Lessons learned in India

Going in to this whole GCELE experience, I was a little unsure of what I would inevitably take from it. I feel like any time you make the decision to leave your comfort zone (whether it be travelling abroad or trying something new for the first time), there are definitely going to be perception shifts that will take place within you. I just wasn’t sure what they would be exactly. Over the course of my time spent in India, there were a number of things that really resonated with me. I think for me, the biggest shift in perception probably came after one of our first lectures (I’m not sure of the village name or even the name of the woman conducting the lecture). The lecture was on health care accessibility for women in India (particularly women who came from smaller villages). It is not necessarily the content of the lecture, but more the demeanour of the presenter that shocked me. If you had asked me two weeks ago what I envisioned a traditional Indian woman who lives and was raised in a small village would be like, I probably would have said something like, “She would probably be very meek, soft-spoken, uneducated, passive, etc.” This woman was anything but that. She was strong, powerful, confident, brilliant, charismatic, and every other thing I did not expect her to be. So while may initial expectation of what it means to be a traditional woman may be correct in certain cases, I must also acknowledge the fact that there are other traditional Indian women who defy this stereotype in leaps and bounds. Hemming her in with what western people believe a certain demographic to be like can be really problematic. Not just in this instance, but also with every other stereotype in existence. It is so important to make space for the different realities that are sometimes beyond our comprehension. Our thoughts and beliefs and realities are not the only ones in existence and moving forward, this will be a concept that I carry with me for the rest of my days, both personally and professionally.

Another thing that really challenged the way I thought was the fact that this woman was also illiterate. She shared this with us towards the end of her presentation. I believe this was done deliberately so as not to taint the content of what was being said. In western culture, people kind of make an association between being illiterate and being stupid; so much so that the words “illiterate” and “stupid” are often used interchangeably. When she told us about not being able to read and write, it totally caught me off guard. How could this strong, brilliant, confident woman who was out there saving lives and changing communities be unable to read? She gives lectures in front of thousands of people, is such an inspiration to everyone she meets, and is able to lead this organization in their pursuit of social justice, yet does not possess such a basic skill like being able to read or write? I remember leaving the lecture feeling like I had more questions than answers from what had just transpired. This was something I reflected on for days to come. In the end, I came to the realization that not being able to read and write was not a matter of intelligence, but a matter of accessibility and maybe even culture. This woman was not so stupid that she could not have been taught to read, given the opportunity. She was unable to read because men and women do not have the same rights and accessibility to resources in that part of the world. Again, I feel like the same lesson can be applied to both scenarios. It is important to acknowledge the fact that we do not have all the answers. There are things beyond our comprehension and we must make space for that reality. It is best to always give people the benefit of the doubt before jumping to conclusions about who or what they are and allowing them to share their story.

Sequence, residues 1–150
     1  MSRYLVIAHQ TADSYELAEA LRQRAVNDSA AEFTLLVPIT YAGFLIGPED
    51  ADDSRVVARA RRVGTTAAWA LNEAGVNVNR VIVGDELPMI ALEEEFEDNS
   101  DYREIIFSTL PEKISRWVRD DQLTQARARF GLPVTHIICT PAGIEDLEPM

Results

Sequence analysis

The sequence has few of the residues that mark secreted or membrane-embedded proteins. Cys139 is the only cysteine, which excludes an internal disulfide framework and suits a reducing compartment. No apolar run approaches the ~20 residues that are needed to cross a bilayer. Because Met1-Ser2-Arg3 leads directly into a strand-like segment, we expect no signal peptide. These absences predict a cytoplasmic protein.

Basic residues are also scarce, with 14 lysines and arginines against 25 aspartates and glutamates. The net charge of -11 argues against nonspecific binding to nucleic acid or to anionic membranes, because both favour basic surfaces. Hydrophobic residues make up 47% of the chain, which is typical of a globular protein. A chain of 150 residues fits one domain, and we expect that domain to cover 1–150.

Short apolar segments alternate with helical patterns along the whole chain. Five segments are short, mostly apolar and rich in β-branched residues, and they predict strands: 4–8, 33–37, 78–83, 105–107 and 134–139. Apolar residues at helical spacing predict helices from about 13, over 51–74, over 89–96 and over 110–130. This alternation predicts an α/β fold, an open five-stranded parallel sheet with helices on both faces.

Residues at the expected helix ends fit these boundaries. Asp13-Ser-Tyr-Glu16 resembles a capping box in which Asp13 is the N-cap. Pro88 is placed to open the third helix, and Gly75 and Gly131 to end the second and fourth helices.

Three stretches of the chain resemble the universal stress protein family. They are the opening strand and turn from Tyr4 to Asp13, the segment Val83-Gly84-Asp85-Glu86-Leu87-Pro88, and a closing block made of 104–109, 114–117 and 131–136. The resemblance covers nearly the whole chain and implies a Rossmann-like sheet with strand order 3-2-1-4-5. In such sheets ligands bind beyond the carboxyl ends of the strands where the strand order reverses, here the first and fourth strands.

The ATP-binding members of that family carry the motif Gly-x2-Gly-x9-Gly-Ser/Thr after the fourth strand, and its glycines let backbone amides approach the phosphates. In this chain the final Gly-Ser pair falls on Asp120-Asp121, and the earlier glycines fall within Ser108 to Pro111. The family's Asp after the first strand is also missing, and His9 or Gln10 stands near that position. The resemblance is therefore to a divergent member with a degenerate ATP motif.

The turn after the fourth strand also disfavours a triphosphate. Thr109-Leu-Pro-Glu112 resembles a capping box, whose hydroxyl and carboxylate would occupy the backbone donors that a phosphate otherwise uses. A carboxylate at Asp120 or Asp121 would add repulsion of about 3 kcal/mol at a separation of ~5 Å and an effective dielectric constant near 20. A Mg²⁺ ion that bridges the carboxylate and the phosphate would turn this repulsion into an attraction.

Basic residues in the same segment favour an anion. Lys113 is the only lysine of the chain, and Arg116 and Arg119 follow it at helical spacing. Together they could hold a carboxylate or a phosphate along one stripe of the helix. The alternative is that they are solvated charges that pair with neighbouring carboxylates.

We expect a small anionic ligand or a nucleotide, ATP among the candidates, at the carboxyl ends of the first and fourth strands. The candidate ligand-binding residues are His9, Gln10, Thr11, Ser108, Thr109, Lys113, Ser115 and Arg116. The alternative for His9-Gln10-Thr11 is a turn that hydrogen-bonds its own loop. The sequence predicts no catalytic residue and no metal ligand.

In conclusion, there were other realizations that were had on my part throughout this experience. I have learned so much about the world, about myself, and about other people and their cultures. I feel truly blessed to have been a part of this learning experience. These memories and lessons learned will be things I take forth with me into the future. They are things I will never forget and will always cherish and will be invaluable to me down the line. Thank you Centennial College for allowing me to be a part of this experience. It has definitely made a huge impact for me and for anyone I may encounter in any future endeavours.

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